SAN JOSE, CALIFORNIA, April 17, 2014 (Press Release): Two major seminars on subjects that impact the global Hindu community will be hosted at the Global Hindu Conference 2014, scheduled for April 26th-27th weekend in San Jose, CA, USA.
One of the two seminars is on development of Hindu Historiography, which is a one-of-its kind initiative that is being done outside of, and in parallel to, the conventional academic establishment. Sumeet Saxena, the coordinator and chair of the historiography seminar, said that history plays too important of a role in self-identification of Hindus all over the world to be left only to the academia to deal with. The informal sector could also engage equally in history writing. The conventional academic framework, which is based on a Western worldview, is inadequate to capture the complexity of Hindu culture and civilizational experience, in order to properly express the Hindu historical narrative. Thus, the Western expression of Hindu history often stands at odds with the representation of Hindu community in global public affairs, leading to atypical “caste-sati” type caricatures, mocking and even hate crimes. Decades of discrimination has led to low self-esteem among Hindu youth, who now shun their Hindu identity in public spaces. Therefore, the use of unorthodox methods and setting is needed to accomplish the task of Hindu historiographical development.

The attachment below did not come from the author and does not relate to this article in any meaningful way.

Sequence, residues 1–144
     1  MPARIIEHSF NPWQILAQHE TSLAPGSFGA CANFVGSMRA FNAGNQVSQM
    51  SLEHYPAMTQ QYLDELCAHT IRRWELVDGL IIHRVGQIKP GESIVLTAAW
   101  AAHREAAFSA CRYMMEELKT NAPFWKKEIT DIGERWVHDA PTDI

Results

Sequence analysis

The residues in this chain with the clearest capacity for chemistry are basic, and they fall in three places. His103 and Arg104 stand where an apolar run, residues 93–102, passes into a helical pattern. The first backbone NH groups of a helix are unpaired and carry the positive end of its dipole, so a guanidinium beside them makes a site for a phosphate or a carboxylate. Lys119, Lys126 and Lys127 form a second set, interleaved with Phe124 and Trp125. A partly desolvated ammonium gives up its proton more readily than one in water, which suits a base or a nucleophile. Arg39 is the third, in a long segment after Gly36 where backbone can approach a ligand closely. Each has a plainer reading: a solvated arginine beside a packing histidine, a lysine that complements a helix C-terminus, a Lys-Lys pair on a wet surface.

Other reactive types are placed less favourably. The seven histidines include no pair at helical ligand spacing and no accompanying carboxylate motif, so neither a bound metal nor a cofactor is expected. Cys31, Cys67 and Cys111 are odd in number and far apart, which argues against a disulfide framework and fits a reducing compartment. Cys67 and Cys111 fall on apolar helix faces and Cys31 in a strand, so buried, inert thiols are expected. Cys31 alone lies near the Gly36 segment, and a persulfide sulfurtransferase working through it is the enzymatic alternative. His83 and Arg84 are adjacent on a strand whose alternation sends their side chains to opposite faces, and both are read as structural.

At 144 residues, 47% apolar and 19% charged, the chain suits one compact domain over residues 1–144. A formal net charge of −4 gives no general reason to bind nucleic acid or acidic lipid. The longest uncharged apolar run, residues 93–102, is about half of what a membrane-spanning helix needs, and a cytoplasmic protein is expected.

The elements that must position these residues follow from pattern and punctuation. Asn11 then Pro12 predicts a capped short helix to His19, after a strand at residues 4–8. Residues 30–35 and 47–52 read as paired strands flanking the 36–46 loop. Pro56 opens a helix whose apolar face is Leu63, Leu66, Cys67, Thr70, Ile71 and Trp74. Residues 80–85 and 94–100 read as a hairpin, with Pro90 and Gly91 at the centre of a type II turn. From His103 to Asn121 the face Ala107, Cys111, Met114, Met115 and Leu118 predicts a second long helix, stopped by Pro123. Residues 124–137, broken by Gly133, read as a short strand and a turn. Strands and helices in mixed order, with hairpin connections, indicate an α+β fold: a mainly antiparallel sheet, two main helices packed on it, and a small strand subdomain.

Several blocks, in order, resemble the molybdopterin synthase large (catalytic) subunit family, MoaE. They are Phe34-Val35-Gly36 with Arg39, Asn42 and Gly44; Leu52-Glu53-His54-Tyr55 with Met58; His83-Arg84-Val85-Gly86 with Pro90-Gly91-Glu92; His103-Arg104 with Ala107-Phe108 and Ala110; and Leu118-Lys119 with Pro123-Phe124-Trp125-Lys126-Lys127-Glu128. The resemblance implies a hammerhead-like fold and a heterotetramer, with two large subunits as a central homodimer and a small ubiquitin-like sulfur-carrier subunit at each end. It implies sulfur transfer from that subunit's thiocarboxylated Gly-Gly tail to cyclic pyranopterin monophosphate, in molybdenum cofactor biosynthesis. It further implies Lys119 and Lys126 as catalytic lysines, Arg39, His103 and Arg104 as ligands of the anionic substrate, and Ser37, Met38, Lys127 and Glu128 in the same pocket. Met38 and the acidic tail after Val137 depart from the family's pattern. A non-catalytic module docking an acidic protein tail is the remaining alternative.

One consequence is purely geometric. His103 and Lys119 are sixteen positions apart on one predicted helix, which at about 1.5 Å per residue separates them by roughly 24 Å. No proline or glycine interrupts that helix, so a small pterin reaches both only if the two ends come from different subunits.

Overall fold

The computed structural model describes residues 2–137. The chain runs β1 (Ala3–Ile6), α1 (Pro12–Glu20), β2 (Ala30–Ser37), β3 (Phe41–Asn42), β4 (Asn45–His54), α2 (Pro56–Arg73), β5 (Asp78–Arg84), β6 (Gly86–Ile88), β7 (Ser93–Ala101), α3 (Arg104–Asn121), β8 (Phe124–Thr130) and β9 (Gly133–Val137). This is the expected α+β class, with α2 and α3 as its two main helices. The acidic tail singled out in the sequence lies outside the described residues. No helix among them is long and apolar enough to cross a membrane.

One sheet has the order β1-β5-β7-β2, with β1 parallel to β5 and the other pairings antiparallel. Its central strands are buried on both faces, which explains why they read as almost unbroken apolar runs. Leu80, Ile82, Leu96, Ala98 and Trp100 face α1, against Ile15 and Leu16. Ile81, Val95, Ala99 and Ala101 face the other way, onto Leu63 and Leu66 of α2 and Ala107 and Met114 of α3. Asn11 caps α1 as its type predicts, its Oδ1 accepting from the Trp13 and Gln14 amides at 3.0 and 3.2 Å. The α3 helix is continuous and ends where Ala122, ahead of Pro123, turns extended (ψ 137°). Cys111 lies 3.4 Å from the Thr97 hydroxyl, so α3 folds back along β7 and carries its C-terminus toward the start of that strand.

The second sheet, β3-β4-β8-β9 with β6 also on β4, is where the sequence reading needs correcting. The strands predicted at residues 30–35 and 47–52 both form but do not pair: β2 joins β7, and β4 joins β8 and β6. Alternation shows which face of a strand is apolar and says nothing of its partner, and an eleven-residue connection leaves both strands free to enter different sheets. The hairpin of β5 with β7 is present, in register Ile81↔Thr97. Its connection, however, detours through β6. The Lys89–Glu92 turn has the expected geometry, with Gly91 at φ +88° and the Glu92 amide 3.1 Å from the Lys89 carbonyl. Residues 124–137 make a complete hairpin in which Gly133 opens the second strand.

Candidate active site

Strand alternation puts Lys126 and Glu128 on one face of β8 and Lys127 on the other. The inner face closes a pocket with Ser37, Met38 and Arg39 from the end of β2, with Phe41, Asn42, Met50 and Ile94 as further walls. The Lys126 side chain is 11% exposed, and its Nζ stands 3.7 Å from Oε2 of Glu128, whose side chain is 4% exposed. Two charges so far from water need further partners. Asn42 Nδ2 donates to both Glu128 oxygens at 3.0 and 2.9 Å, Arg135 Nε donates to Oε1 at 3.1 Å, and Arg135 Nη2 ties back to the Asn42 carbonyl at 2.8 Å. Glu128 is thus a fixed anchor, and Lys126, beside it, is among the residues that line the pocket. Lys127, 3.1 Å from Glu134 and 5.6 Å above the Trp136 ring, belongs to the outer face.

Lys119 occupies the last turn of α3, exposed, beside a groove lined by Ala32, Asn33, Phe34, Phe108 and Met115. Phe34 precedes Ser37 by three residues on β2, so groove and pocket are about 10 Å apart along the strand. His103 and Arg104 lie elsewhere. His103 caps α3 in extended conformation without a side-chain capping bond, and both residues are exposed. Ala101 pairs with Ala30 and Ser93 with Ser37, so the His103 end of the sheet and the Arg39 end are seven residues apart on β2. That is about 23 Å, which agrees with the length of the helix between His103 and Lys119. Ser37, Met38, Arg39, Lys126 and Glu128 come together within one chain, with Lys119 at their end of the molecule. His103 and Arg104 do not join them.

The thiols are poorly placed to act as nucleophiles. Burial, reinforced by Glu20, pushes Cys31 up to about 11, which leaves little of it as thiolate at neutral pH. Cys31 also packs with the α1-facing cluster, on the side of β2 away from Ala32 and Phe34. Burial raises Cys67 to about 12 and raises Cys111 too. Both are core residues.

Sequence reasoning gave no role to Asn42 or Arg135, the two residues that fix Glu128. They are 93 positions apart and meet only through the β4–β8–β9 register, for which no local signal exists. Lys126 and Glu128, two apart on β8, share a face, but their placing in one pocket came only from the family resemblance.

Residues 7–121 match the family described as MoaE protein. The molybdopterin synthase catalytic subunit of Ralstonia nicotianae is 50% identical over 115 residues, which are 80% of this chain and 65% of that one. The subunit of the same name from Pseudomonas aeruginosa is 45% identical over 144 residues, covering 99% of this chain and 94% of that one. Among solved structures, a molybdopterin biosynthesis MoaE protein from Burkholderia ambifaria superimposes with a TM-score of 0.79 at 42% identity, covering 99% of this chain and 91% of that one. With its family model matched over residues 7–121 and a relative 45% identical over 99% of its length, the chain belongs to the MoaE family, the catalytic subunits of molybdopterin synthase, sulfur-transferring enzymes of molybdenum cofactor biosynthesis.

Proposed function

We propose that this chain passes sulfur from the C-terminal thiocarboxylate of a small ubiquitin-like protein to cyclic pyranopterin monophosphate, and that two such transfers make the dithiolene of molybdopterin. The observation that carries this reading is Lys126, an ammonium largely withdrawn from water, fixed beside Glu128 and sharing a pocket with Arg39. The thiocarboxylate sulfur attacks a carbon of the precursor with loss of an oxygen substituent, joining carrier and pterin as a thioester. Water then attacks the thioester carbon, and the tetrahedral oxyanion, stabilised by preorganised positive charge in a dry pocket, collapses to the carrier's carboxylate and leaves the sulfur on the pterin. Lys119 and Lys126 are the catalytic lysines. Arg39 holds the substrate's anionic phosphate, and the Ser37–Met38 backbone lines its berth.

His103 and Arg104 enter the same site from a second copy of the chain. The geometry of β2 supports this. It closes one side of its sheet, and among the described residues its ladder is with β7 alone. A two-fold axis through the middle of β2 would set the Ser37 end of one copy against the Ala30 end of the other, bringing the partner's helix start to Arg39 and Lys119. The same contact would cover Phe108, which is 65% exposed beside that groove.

Paramacharya Sadasivanathaswami and Acharya Arumuganathaswami, editor and managing editor, respectively, of Hinduism Today magazine will conduct a special session on the representation of Hinduism in American public schools. The presentation will draw on their two decades of experience with the portrayal of Hinduism in school textbooks. The target audience will be parents of Hindu children and social studies school teachers who teach Hinduism in public schools. The special session will feature the Northern California premiere of their documentary titled “The History of Hindu India” which is intended for use in public schools in the U.S. to supplement the deficient material now in use. The documentary establishes a historical continuum of faith and practice by narrating the history of Hinduism since the Indus Valley civilization until the modern age.
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